Romania’s history has been full of rebounds, ebbs and flows of distress and productivity, often playing catch up to rejoin the socio-economic norms of mainstream Europe.
Once a powerful hemp producer, Romania has turned its back on the cannabis plant since the fall of communism in 1989. In the post-soviet era however, Romania has welcomed foreign investment in agriculture and one US company has plans to cultivate medical cannabis.
Healthcare progress most often occurs during politically stable periods. Unfortunately for Romanians, the governing bodies have gone through turbulent times in recent years after officials were accused of corruption and negligence in 2015.
Two years later, Reuters were reporting that Romania had bled out tens of thousands of doctors, nurses, dentists and pharmacists to France, Germany and the UK. Professionals were often lured abroad by what the country lacks such as higher pay, modern infrastructure and functional healthcare systems.
Medical cannabis is only available via derivatives in Romania, and virtually no pharmacies are prescribing such products to patients in need.
The new Health Minister, Vlad Voiculescu wants to amend the deficiencies, promising to increase pay schemes for remaining medical professionals and help decrease the shortage of care in rural areas.
Many of his critics thought that Voiculescu would be out of a job by the end of 2016, but nearly two years later he is still the commander-in-chief.
We spoke to Cannabis Club Romania, who told us that any meaningful legalisation would be unlikely in the near future.
Romania’s healthcare system is in dire straits and change from the inside will take time. The cannabis community are hopeful that the health ministry will follow through on innovating the drugs sector. Primary care and cancer patients are in need of a change. An introduction of medical cannabis treatments could only be welcome news to the health sector in Romania, however, it must be implemented with caution and care to avoid the pitfalls of bygone eras.
Confusion around Medical Use
Some of the earliest evidence of the psychoactive use of cannabis has been found in Romania, including the archaeological sites of Frumușica and Gurbănești. The archaeological evidence attests it from 7000 – 8000 B.C. Despite this elongated association, cannabis is still heavily regulated in Romania.
Though medicinal and recreational use of the flower itself remain prohibited, pharmaceutical derivatives of the plant can be used to treat certain medical conditions, such as epilepsy, cancer and multiple sclerosis under provisions in two of the Narcotic Drug Regulations.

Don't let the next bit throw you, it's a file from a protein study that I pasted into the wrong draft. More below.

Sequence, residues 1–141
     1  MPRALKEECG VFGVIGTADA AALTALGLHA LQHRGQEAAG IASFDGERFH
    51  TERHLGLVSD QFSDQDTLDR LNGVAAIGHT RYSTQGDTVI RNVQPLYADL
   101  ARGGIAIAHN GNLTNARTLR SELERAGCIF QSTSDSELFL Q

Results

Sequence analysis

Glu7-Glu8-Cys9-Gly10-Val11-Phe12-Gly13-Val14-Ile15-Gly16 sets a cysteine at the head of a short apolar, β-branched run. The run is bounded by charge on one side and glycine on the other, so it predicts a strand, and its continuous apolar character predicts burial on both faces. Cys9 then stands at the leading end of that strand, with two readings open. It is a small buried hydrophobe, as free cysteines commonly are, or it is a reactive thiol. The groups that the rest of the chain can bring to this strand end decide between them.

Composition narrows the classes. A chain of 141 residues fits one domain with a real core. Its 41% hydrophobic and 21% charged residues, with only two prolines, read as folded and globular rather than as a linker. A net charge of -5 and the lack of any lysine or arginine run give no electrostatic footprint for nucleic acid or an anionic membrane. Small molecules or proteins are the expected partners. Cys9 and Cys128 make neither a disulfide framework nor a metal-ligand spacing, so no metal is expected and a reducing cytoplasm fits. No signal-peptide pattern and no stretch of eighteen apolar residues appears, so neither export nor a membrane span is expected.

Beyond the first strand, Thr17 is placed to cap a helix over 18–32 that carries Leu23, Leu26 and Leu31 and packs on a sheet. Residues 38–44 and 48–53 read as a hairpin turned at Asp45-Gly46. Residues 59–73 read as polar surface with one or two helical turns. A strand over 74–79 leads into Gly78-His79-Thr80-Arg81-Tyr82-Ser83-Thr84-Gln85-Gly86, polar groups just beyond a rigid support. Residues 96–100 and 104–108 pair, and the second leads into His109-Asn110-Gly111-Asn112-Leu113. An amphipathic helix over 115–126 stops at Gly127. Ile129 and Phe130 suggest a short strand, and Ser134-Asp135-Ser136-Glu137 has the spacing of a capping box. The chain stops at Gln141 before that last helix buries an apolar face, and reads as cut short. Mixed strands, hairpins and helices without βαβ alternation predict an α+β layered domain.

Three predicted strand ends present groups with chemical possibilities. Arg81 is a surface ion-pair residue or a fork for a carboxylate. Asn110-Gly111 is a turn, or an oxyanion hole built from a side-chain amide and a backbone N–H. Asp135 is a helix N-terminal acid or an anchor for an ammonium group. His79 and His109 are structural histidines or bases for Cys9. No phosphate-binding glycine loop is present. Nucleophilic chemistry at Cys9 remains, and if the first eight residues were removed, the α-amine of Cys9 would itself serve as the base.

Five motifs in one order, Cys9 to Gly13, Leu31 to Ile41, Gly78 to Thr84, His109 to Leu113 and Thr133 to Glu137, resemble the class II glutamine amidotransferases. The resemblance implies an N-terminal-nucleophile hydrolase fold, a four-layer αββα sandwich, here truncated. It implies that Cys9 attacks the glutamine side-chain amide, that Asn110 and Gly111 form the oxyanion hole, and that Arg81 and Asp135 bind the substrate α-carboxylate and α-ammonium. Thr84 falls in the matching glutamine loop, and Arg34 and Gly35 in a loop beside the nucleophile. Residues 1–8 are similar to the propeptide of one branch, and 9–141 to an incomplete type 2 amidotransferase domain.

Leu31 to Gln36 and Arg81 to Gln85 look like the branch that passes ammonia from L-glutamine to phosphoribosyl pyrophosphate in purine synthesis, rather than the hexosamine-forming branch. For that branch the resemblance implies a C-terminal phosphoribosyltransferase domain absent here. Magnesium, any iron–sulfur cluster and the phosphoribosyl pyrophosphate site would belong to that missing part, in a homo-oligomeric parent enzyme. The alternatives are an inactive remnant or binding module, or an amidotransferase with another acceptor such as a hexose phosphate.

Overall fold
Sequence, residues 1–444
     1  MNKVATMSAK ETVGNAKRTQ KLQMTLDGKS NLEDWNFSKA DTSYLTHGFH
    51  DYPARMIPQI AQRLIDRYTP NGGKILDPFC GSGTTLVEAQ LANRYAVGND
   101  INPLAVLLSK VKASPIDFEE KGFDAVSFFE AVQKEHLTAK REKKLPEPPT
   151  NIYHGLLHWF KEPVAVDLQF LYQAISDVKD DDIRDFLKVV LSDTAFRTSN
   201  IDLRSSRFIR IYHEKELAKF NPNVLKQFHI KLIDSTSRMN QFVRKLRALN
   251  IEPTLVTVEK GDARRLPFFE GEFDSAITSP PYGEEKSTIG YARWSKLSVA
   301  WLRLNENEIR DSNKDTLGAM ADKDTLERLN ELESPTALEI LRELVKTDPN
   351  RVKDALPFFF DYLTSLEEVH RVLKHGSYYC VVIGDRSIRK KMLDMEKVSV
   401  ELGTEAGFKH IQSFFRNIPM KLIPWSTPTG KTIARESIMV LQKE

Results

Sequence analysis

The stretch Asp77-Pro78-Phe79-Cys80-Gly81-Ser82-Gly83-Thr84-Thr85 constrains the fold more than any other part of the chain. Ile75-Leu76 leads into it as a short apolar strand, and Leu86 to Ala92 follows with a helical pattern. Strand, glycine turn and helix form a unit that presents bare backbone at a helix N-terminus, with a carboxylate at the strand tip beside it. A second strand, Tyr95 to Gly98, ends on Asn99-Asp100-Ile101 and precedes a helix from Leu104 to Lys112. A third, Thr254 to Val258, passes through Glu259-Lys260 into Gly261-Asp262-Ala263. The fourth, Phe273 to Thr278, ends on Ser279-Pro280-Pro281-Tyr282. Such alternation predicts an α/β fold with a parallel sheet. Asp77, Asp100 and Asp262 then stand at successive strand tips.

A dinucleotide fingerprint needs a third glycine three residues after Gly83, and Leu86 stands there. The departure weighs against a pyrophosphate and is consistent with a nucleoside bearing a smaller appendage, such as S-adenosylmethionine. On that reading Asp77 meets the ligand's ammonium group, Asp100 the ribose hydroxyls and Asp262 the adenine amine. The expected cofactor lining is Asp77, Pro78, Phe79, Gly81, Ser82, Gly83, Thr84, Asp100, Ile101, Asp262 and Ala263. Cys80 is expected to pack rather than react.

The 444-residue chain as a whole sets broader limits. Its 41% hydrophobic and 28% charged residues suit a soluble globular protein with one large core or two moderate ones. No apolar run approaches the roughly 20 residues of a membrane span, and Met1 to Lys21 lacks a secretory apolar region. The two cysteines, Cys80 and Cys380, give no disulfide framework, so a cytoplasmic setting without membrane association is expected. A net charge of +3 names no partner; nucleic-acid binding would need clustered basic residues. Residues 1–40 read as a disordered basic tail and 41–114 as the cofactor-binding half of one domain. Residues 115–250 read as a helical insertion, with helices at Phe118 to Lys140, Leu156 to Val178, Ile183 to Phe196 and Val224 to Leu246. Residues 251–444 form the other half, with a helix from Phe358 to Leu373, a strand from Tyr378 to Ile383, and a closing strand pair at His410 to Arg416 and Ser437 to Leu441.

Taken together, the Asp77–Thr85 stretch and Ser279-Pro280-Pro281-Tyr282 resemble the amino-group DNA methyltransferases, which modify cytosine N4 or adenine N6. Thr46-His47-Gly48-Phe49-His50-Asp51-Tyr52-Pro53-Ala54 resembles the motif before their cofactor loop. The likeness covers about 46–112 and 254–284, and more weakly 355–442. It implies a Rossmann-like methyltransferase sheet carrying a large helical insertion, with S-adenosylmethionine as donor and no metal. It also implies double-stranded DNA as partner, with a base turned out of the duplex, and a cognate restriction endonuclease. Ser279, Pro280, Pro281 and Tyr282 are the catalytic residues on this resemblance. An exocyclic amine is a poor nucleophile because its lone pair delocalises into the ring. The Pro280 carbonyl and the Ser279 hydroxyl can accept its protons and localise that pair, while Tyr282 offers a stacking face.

The distinction between medical cannabis flowers and its derivatives had caused widespread confusion in Romania with some cannabis groups claiming that the softening or drug laws was merely a myth. The confusion is compounded by the fact that virtually no company has requested a licence to sell such drugs.
However, manufacturers are able to apply to the National Agency for Medicines to licence drugs that contain cannabis by-products like resins or plant fragments. Additionally, foreign groups are permitted to invest in the cultivation of medical cannabis, which one US firm has just done.
On foreign soil
PHI Group, a US investment fund that specialises in natural resources and agriculture, plans to cultivate medical cannabis and other medicinal herbs in Romania’s Transylvania region, according to Romania-Insider. The group also plans to open a wellness centre for those looking for natural and holistic treatments.
In early 2018, PHI Group announced that it planned to build greenhouses in Transylvania for cultivating medicinal herbs. Besides medical cannabis, the group also plans to produce bitter cucumber and saffron.
The Minister of Agriculture of Romania has welcomed overseas investment with a reported 40% of agricultural land owned by foreign entities.
In some Romanian regions, the old traditional ways of growing and processing hemp within the household - like traditional labour-intensive water retting techniques - have remained unchanged up until today.
This long history of hemp allowed Romania to become the biggest hemp provider in Europe, prior to 1989. Most of this hemp was used for the production of high quality textiles for export.
The authorised farmers of cannabis plants, in the hemp industry, must sow their fields with the seed varieties registered by the Official Catalogue of Varieties and Hybrid Cultivated Plants of Romania or in the catalogues of the European communities.
Only a select few varieties can be grown, those that are certified as having a THC level under 0.2%. The strains of industrial hemp Jubileu, Dacia, Diana, Zenit and Denise are Romanian varieties developed by the Secuieni Institute, and can be grown successfully in Romania.
The climate provides the perfect conditions to produce some of the best hemp on the market and foreign companies have taken notice.
HempFlax, the leading Dutch hemp processing company invested €5 million in the Romanian hemp industry in 2015. Recent years have seen an increase in the market for cultivation and processing of hemp, with crops farmed in Romania being sought for export and used in various industries.
Open for Business
There are clear issues and complications when it comes to domestic production and medicinal treatments for Romanian patients.
On the upside, Romania is eager to open the door for foreign direct investment. The Minister for Agriculture has spoken publicly about his delight surrounding American agricultural ventures within the nations borders. As PHI bring medical cannabis production to Romania, we may see industry lean on legislators.
Despite an appealing climate, affordable land and a history of hemp production, few companies have ventured into the Romanian market and virtually no companies have applied for medicinal licences. The question remains, how long will Romania remain a desert in the European cannabis space?